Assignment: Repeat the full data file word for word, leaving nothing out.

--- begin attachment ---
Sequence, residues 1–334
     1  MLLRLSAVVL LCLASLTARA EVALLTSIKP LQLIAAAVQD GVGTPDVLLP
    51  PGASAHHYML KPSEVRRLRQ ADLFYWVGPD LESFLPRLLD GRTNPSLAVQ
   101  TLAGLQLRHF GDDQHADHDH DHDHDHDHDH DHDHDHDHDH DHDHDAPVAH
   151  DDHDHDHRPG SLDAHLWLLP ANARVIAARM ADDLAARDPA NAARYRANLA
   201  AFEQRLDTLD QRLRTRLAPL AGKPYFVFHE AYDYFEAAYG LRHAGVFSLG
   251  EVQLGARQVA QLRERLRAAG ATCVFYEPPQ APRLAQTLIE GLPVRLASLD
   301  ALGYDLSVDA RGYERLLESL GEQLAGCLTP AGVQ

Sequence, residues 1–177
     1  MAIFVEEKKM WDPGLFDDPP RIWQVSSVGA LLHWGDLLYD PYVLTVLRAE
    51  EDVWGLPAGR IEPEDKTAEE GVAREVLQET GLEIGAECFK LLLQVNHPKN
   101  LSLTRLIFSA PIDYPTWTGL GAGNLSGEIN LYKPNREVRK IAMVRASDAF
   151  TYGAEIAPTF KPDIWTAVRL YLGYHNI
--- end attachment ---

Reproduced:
Sequence, residues 1–334
     1  MLLRLSAVVL LCLASLTARA EVALLTSIKP LQLIAAAVQD GVGTPDVLLP
    51  PGASAHHYML KPSEVRRLRQ ADLFYWVGPD LESFLPRLLD GRTNPSLAVQ
   101  TLAGLQLRHF GDDQHADHDH DHDHDHDHDH DHDHDHDHDH DHDHDAPVAH
   151  DDHDHDHRPG SLDAHLWLLP ANARVIAARM ADDLAARDPA NAARYRANLA
   201  AFEQRLDTLD QRLRTRLAPL AGKPYFVFHE AYDYFEAAYG LRHAGVFSLG
   251  EVQLGARQVA QLRERLRAAG ATCVFYEPPQ APRLAQTLIE GLPVRLASLD
   301  ALGYDLSVDA RGYERLLESL GEQLAGCLTP AGVQ

Sequence, residues 1–177
     1  MAIFVEEKKM WDPGLFDDPP RIWQVSSVGA LLHWGDLLYD PYVLTVLRAE
    51  EDVWGLPAGR IEPEDKTAEE GVAREVLQET GLEIGAECFK LLLQVNHPKN
   101  LSLTRLIFSA PIDYPTWTGL GAGNLSGEIN LYKPNREVRK IAMVRASDAF
   151  TYGAEIAPTF KPDIWTAVRL YLGYHNI